The Sleepy Pony; Understanding Sleep Deprivation in Horses


One question I get asked frequently by “non-horsey” people is “do horses really sleep standing up?”.  Most horse people would answer a firm “yes” to that question, but if we  dissect equine sleep patterns, we can only give a vague “yes but no” answer.  We’ve all seen horses doze off in a field or stall while standing up.  In order to sleep this way they are engaging their “stay apparatus”, an assortment of tendons and ligaments that allow them to rest easily on three legs with one hind leg cocked in order to make a quick getaway if a predator suddenly were to appear.  While horses do indeed sleep this way, they actually need to lay down in order to enter deep sleep (Slow Wave and REM sleep).  Horses do not need as much sleep as humans do, but they do require between 2-4 hours of sleep per 24hours, and that includes at least 30 – 60 minutes of deep sleep. For a more in depth article on horse’s sleep patterns, check out Erica Larson’s piece on Understanding Equine Sleep Deprivation.


Horses who do not regularly receive the minimum amount of sleep required to function properly can become sleep deprived.  There are countless stories circulating the horse world of horses and riders standing patiently at the in-gate or warmup area of a competition when suddenly a horse drifts off to sleep and nearly collapses.  Usually this horse will catch himself before he falls, and wake back up instantly.  This is a classic example of a sleep deprived animal.  Sleep deprivation may also show itself in a number of ways, including sluggishness under saddle, dozing while grooming or tacking up, and even expressing agitation or irritability towards things that normally wouldn’t upset them.  And although the cause of narcolepsy in horses has not been fully determined, there are theories that suggest that sleep deprivation can develop into narcolepsy if sustained over a long period of time.


So why do horses become sleep deprived, and what can we do about it?  There are two common factors that influence a horse’s ability to sleep during a 24-hour cycle.  The first factor is pain.  If a horse is having a musculoskeletal issue, there is a good possibility that they will avoid laying down, as it takes quite a bit of effort from the body to lay down and get back up again.  They also may not want to lie down on an area where they are injured or are experiencing pain.

The second (and most common) factor for why horses may develop sleep deprivation is environmental.  As prey animals, horses are extremely in tune with their environment and they will not allow themselves to relax into sleep if they feel a threatened or stressed.  This could exhibit itself when a horse moves to a new barn, arrives to show grounds, during inclement weather, or any other adjustments that may make the horse feel out of sync with its environment.  Along with this also comes the impact that we as people have on our horse’s ability to sleep.  If you’ve ever taken your horse to a competition, you know that the “show” never stops.  Even after the riders have competed, stalls must be mucked, tack must be cleaned, and there is busy activity well into the night.  Then at the very early hours of the morning, braiders arrive, the lights go on, music might start playing, and the day begins. Some barns even choose to leave a light or two on throughout the night, which can affect a horse’s ability to sleeps as well.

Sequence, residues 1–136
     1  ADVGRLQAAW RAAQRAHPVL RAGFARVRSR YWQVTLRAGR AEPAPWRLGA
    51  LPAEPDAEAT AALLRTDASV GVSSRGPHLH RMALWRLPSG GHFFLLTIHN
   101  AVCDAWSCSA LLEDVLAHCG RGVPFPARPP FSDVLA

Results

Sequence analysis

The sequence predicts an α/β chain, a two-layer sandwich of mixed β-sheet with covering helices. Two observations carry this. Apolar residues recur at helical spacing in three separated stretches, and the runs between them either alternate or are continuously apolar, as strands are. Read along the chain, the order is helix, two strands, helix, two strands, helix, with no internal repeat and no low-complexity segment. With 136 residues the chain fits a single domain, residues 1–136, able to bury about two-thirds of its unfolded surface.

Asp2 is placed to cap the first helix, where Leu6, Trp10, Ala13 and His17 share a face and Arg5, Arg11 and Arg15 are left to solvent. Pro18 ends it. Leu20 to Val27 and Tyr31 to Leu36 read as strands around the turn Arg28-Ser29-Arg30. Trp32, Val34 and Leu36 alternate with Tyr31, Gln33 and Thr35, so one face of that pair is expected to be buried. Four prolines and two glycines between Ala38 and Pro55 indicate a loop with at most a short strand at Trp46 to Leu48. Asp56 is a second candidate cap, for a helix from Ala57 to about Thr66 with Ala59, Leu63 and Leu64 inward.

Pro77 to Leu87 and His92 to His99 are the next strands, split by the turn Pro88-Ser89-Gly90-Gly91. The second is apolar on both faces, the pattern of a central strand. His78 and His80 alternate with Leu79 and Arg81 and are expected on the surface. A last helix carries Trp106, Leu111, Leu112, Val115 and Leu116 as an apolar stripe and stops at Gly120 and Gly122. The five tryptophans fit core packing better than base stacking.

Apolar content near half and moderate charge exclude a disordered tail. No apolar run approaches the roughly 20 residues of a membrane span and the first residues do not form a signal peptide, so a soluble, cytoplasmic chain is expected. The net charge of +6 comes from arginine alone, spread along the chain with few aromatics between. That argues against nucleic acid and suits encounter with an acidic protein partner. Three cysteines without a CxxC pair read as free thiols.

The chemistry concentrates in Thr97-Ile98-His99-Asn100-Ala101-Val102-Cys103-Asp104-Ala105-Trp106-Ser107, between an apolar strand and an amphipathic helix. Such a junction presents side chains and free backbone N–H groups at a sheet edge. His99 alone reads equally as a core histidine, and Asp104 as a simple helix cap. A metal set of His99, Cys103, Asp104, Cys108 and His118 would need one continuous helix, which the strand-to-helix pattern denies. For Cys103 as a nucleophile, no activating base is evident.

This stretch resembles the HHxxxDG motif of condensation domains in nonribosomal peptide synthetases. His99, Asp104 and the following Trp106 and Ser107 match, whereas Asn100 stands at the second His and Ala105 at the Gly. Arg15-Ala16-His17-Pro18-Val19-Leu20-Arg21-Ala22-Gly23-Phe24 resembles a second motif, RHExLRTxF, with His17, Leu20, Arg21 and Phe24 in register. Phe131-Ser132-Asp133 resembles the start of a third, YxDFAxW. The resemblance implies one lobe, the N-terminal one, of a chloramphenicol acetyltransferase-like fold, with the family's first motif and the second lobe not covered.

If your horse is exhibiting symptoms of sleep deprivation, you should first investigate what factors may be causing it.  Is the horse in a new situation that is stressful to him?  Does your horse have enough shavings to make laying down inviting?  What is the evening / nighttime activity like at the horse’s home?  (Many horses choose to sleep at night because that is when activity at the barn has come to a minimum, but horses can and do sleep during the day as well).  If you cannot rule out any of the above issues, then you should begin looking for symptoms of pain which may be causing your horse to resist laying down.


Massage can offer great benefits to horses who are not sleeping properly.  By engaging the Parasympathetic Nervous System (the system of the body that is responsible for sleep), massage can encourage a horse who is under a stressful situation to “rest and digest”.  Horses who receive regular massage sessions are known to be better equipped to adjust their sleep patterns, even in new environments.  Massage can also offer musculoskeletal relief from pain, which can encourage a horse with muscle pain to lay down.  Working out trigger points, stress points, and adhesions in the muscles allows the horse to move with less pain, which in turn allows them to lay down more freely.  Emerald Equine Massage is always happy to work with horses who are exhibiting sleep deprivation.


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